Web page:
✨ Order my book
The Plottery's Learning Room
Avoiding Auctioneer Dialogue

Avoiding Auctioneer Dialogue

dialogue writing tools writing skills Mar 27, 2024

Pacing: discussed more often than understood.

When it comes to pacing a novel, the first thing most of us think of is overall pacing. Plot, chapter, scene. Maybe you’ve got a picture of the plot pyramid in your head or know that a gun fight moves faster than an afternoon at a cafe.


Or maybe you’re someone who goes straight to structural pacing. Two short sentences followed by a long one. No more than three long paragraphs in a row. Writing is like a rubber band and you’ve got to stretch it back and forth to keep it moving. 

What I doubt many of us think of is dialogue pacing which is very unfortunate because it’s often the lynchpin of overall pacing.

ALSO: The 3-step System to Create a Well-Written Dialogue

Think back to 2007 and the final, rushed battle of Pirate of the Caribbean: At World’s End. Our main couple, five movies down the line, have no clue if they’re going to make it out alive and Elizbaeth delivers the iconic line demanding Barbossa marry them right in the middle of the battle. Despite the clashing swords and screams, the whole scene slows down while Barbossa, clearly thinking them both mad, gives them the Vegas drive-thru wedding of their dreams.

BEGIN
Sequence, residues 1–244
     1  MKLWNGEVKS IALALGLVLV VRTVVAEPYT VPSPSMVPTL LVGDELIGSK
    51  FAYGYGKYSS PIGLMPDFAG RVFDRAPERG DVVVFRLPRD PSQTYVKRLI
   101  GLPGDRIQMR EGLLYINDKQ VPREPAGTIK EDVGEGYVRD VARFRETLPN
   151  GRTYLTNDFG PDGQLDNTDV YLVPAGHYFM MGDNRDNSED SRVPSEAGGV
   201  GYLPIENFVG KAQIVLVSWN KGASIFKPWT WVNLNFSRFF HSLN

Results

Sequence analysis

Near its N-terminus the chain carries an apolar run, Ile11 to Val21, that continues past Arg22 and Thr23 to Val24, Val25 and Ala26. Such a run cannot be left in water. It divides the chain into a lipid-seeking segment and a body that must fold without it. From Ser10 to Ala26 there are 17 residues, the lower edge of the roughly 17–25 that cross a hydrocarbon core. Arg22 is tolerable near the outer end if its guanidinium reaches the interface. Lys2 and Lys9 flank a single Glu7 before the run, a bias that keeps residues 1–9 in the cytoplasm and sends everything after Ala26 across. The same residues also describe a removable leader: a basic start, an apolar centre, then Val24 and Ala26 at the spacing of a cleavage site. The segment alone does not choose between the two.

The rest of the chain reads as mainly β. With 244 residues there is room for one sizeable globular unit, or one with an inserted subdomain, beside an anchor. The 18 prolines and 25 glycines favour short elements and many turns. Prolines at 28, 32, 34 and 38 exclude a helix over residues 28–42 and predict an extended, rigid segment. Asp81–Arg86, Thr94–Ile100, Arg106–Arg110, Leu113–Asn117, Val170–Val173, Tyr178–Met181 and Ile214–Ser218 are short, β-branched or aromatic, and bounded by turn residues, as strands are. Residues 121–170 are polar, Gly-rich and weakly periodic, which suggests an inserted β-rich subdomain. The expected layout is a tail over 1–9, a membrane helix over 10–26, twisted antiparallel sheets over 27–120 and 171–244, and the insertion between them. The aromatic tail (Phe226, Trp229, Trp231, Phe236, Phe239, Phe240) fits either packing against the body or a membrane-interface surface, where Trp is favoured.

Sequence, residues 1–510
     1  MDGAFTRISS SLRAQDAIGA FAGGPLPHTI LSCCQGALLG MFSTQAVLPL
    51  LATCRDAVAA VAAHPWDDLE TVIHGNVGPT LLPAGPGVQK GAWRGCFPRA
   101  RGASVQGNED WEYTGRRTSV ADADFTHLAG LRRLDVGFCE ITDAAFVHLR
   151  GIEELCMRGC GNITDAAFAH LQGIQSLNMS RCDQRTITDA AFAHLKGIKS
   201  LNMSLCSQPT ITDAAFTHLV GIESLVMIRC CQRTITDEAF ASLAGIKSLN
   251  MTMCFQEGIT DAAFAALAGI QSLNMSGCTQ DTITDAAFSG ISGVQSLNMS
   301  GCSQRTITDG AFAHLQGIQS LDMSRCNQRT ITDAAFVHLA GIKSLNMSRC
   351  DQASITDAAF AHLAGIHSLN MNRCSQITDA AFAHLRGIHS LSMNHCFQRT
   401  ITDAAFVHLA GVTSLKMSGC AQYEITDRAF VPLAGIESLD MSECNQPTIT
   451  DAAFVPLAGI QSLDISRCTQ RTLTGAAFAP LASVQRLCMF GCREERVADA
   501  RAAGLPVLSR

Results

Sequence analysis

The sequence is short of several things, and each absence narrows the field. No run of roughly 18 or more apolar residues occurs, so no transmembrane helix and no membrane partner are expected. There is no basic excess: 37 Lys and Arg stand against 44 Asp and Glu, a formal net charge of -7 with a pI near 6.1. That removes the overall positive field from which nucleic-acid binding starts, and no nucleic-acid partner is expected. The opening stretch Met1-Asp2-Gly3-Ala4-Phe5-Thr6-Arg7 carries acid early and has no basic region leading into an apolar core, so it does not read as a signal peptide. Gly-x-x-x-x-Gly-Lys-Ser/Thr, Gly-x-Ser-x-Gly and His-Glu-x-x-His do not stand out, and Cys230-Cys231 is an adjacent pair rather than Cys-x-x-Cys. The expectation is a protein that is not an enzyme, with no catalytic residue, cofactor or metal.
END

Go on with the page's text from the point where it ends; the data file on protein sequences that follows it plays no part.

Despite the media shift, dialogue in writing works similarly. Dialogue itself not only has a pace, but can set the pace of a scene.


The checklist


As an author, dialogue pacing can be nefarious because you know more than your characters and your reader.

It’s statistically unlikely that you’ve written your entire novel in one sitting. Meaning it’s likely that you take space to digest important moments. Dialogue can end up rushed because we’ve processed the importance and impact of a conversation while away from our story, but don’t give the characters and readers the same amount of space to do it themselves.

It’s also likely that you’ve plotted most, if not all, of your novel prior to writing and you know significantly more about the world, characters, and plot than your reader does. Dialogue can end up dragging because we’re trying to impart knowledge to our characters and readers, and end up infodumping a ten minute conversation’s worth of world building onto them.


When checking your dialogue pacing, it’s important to put yourself in your readers’ (and characters’) shoes. Asking questions like these can help:

  • Are my characters moving on from a revelation without thinking about what it means?
  • Has the dialogue ended before anything meaningful was said?
  • Is my character giving a monologue that any reasonable person would interrupt in real life?
  • Are my characters monologuing back and forth like they’re auditioning for the role of Hamlet?
  • Have I forgotten the last line of dialogue by the time I’m starting to write the next?